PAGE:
there is plenty of creditable science out there to help support your position. from my perspective, the kinds of sources you currently favour actually detract from rather than bolster your argument. try searching scholar.google.ca for studies of interest, that might help :) anyway thank you again for making the effort.

harry, where's the scientific support for your side of the debate?
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Re: change in dental amalgams

Postby want2bike » Fri Jun 06, 2014 11:29 am

What do you think of the paper by Bernard Windham. He references all of his statements to scientific articles. He list these articles at the end of the paper.

http://www.cfspages.com/bernie.html
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Re: change in dental amalgams

Postby HarryZ » Fri Jun 06, 2014 12:34 pm

harry, where's the scientific support for your side of the debate?


What part of the debate are you referring?
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Re: change in dental amalgams

Postby jimmylegs » Fri Jun 06, 2014 4:28 pm

@ harry - anything where you challenge an unsupported opinion, with your own unsupported opinion :)

@ w2b - heya :) i'll check it out.. let's see...

re "References 1-67 are from the Paper 'Scientifically proven Facts About Mercury & Dental Amalgam' by the Australasian Society of Oral Medicine and Toxicology"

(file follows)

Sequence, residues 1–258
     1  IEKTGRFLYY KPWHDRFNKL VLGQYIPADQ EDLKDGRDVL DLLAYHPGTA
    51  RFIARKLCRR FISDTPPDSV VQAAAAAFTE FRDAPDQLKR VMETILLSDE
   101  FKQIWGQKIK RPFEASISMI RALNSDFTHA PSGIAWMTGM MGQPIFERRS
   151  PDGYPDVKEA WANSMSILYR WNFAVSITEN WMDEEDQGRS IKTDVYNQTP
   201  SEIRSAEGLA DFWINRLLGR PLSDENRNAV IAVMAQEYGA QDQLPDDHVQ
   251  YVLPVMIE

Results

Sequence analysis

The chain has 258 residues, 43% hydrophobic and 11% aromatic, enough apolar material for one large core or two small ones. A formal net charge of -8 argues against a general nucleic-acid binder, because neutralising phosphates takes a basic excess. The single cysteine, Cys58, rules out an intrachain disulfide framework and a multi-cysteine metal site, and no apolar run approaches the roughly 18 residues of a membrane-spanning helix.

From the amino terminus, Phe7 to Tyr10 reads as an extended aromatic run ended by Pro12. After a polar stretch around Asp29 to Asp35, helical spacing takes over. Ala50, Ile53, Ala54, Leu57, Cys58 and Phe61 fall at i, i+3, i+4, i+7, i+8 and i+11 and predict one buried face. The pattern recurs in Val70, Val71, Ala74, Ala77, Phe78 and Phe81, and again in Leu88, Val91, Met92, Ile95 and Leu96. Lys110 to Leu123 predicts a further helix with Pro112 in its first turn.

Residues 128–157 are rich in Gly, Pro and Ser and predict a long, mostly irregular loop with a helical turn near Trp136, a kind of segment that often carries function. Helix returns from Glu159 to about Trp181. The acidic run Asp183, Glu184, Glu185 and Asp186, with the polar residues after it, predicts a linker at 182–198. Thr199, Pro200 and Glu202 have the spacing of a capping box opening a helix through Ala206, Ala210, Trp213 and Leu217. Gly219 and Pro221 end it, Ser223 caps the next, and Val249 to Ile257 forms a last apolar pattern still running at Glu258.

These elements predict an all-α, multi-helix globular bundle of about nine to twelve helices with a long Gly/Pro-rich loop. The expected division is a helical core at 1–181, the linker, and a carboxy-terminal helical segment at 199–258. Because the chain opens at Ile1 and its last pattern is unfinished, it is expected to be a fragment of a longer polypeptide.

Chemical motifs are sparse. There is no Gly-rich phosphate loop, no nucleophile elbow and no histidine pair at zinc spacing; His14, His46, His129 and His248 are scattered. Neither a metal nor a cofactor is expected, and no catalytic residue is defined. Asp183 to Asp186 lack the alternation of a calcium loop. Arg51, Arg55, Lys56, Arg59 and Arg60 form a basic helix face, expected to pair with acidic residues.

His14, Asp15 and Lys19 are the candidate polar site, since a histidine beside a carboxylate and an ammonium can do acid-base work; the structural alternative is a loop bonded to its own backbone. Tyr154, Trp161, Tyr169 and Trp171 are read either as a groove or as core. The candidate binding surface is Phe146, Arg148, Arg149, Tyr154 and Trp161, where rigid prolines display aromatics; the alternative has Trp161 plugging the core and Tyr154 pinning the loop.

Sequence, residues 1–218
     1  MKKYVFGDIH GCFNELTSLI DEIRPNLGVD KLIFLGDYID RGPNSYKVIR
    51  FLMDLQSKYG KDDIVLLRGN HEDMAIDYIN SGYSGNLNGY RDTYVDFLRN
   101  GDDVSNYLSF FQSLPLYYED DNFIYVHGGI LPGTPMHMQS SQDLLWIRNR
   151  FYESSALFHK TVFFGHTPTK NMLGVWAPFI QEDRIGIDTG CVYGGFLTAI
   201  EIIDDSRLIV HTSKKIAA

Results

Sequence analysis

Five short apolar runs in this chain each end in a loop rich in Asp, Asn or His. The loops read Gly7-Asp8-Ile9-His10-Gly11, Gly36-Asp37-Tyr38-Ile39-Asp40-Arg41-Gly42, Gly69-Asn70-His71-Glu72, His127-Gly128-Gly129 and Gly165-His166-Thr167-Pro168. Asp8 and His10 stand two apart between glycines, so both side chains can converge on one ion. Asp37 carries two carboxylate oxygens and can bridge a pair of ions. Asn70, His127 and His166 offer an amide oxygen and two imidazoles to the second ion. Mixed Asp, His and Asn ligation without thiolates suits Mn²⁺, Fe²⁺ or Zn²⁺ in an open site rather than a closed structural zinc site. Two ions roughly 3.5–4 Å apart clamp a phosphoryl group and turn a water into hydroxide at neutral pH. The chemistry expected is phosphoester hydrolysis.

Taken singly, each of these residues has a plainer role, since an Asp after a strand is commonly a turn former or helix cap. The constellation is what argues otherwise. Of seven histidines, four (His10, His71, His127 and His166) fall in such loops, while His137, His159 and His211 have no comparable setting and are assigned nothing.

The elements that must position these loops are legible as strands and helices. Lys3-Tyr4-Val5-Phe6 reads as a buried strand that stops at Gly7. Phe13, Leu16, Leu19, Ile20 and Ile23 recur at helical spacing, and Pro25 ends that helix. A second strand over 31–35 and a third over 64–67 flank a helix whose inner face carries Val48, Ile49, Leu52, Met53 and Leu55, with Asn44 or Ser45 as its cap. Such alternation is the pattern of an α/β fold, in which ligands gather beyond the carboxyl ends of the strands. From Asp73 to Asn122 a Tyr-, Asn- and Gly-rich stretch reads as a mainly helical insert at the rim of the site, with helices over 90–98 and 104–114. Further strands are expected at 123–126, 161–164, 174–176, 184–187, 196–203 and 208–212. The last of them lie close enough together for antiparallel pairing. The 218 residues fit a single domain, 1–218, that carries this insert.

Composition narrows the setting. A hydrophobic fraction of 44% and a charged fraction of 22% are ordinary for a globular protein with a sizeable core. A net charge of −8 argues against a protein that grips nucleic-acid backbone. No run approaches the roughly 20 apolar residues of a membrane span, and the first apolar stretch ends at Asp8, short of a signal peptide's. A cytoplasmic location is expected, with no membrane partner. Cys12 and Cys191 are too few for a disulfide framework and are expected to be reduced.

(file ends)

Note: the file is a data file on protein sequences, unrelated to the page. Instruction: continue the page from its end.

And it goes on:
this document is referred to in a few places but doesn't appear to be hosted on the ASOMAT web site. have you got a link to that paper and its refs handy?

"Psychomotor testing of dentists with chronic low level mercury exposure" doesn't show up on its own anywhere. just as a reference on non academic web sites.

"Uninary mercury, porphyrins, and neurobehavioral changes of dental worker in Monterey, Mexico"
typos aside, i can't find this article anywhere :S with spelling corrected, i get one mention of this title in a single book result

"Behavioral effects of low-level exposure to Hg∘ among dentists"
http://www.sciencedirect.com/science/ar ... 629400049J
is real.. the citation appears to be incorrect though:
Echeverria, D., Heyer, N. J., Martin, M. D., Naleway, C. A., Woods, J. S., & Bittner Jr, A. C. (1995). Behavioral effects of low-level exposure to Hg0 among dentists. Neurotoxicology and teratology, 17(2), 161-168.

i think in general it's far better, when you post an assertion, to support it through one or more links straight to readily available original academic peer-reviewed publications, rather than non-refereed opinion pieces citing sources that can't be checked (here's hoping the rest of the reference list is a bit more legit). there is so much original science out there - i think scholar.google.com would be a really great place to find your research links.. it's not *perfect* at screening out non academic pages, but it helps a LOT!! :)
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Re: change in dental amalgams

Postby MattN » Fri Jun 06, 2014 5:23 pm

I believe I had seen some studies, which were demographic in nature, where they compared some disease rates with those having a lot of amalgams with those who did not. Of course this is problematic since individuals with a lot of fillings can be indication of someone with poor health habits to begin with, therefore skewing the results. Evidence can be tough to come by in some of these things
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Re: change in dental amalgams

Postby jimmylegs » Fri Jun 06, 2014 5:38 pm